Mr. King : Is my right hon. Friend aware--further to his answer to a question about whether we could fight the Gulf war now on our present defence programme--that if we followed the policy of the Labour party, which proposes a £6 billion cut in our defences, it would be impossible to provide our forces with the equipment that they need ? With the new order for Challenger tanks, with the Warrior, and with the European fighter aircraft, the answer to the question about the Gulf war is surely a definite yes : we would be well equipped for any such future campaign.
The Prime Minister : My right hon. Friend speaks with the authority of a former Secretary of State for Defence, and I entirely agree with what he had to say. A great many extra resources have been put into providing the best, most modern equipment for our armed forces.
The Prime Minister : A great deal of expenditure has been put into providing the best equipment for the armed forces. If the hon. Gentleman does not think so, perhaps he will go and ask Vickers and some other companies what they think they are producing.
Mr. Eastham : In 1988, the Government decided that they would allow pensioners claiming rebates to have £3,000 in savings. Since then, the figure has never been index-linked, and in relative values it would now be worth £3,960. When will the Government review it ?
The Prime Minister : The figure is reviewed from time to time. I am not entirely sure that the hon. Gentleman is correct to say that it has not been changed since 1981. It is reviewed on each occasion on which we look at the uprating of pensions and other social security benefits.
Mr. Sykes : I know that the Prime Minister is aware of the grim tragedy that overwhelmed my constituency in the early hours of this morning, when a 33-year-old mother and her baby were killed in a fire at a DSS hostel in Scarborough. In March, the Government announced that they would consider a licensing scheme for such hostels. In view of this distressing incident, will the Prime Minister ask the Secretary of State to proceed with that scheme as a matter of urgency ?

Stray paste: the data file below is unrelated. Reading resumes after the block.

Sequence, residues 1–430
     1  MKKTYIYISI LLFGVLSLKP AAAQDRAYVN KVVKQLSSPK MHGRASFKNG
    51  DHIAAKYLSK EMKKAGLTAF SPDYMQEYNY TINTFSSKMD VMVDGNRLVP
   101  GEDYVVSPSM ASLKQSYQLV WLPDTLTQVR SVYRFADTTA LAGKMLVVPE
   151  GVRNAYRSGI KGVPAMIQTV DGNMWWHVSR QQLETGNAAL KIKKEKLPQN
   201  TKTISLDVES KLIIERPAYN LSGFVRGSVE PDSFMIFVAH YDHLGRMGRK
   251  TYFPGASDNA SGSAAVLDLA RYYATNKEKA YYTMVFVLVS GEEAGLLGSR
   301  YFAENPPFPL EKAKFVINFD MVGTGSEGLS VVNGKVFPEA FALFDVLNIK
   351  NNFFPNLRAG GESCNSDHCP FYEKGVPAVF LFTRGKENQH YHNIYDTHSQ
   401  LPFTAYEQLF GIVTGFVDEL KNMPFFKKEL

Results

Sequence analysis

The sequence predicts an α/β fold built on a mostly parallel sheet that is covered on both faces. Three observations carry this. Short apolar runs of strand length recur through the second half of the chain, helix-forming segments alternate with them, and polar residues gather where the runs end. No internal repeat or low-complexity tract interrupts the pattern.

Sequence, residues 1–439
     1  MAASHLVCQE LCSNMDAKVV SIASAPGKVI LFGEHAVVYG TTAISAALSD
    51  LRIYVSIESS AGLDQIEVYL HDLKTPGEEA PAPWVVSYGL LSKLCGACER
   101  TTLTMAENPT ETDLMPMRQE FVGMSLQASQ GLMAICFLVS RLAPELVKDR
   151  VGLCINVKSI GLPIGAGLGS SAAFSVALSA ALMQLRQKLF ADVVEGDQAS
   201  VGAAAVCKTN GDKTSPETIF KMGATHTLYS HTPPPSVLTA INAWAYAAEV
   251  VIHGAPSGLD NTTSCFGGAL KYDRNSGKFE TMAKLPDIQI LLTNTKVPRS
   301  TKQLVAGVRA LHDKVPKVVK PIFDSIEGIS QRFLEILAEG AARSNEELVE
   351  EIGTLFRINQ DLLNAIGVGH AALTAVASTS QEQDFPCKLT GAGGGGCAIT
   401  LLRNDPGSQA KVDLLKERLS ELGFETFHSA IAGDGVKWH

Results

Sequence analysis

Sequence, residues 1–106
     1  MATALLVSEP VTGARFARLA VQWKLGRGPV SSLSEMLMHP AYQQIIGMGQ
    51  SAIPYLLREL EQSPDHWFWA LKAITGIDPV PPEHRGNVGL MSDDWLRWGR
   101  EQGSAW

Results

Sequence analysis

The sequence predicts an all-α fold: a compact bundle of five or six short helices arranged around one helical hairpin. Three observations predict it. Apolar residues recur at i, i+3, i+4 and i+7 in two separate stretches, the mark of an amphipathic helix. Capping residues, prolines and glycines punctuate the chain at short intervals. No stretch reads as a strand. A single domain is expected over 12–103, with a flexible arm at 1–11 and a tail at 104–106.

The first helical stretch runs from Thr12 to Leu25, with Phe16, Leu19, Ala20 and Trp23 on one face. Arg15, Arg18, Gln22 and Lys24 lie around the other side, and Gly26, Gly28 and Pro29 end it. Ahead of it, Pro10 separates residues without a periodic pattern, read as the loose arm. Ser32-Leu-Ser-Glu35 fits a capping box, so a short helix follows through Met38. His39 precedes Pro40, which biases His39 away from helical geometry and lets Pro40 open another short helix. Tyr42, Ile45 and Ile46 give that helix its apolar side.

The Prime Minister : I was very concerned to hear about the tragic loss of life and the appalling injuries in the fire. We are, as my hon. Friend intimates, investigating the feasibility of introducing a licensing system to control such establishments. There are of course wide-ranging powers for local authorities to enforce fire safety standards in such hostels, and a full inquiry by the fire brigade into the cause of the blaze has already begun. I will of course look carefully at my hon. Friend's request.
Mrs. Prentice : Can the Prime Minister tell us why his Government are failing to collect the £240 million a year in national insurance contributions due from employers, as outlined in today's Financial Times ? Is not this another example of the waste and inefficiency of the Government that the right hon. Gentleman leads ? Why does not he do something to ensure that that money is collected, instead of slapping massive tax increases on ordinary families ?
The Prime Minister : The Inland Revenue certainly tries to collect all the tax that is available. That has always been the case. If tax is due, everything is done to ensure that it is paid. I hope that the hon. Lady will address her strictures also to the large number of Labour authorities that do not collect rents or council taxes and have run up quite shocking debts--not on one or two isolated occasions, but on a very large number of occasions.
The Prime Minister : If the hon. Gentleman who has shouted "Like Westminster" wants to know which local authorities have rent arrears, I shall tell him : Hackney, run by Labour ; Southwark, run by Labour. One could extend the list. Seven out of the top 10 authorities on it are run by Labour. They do not collect rents or council taxes and are just plain inefficient.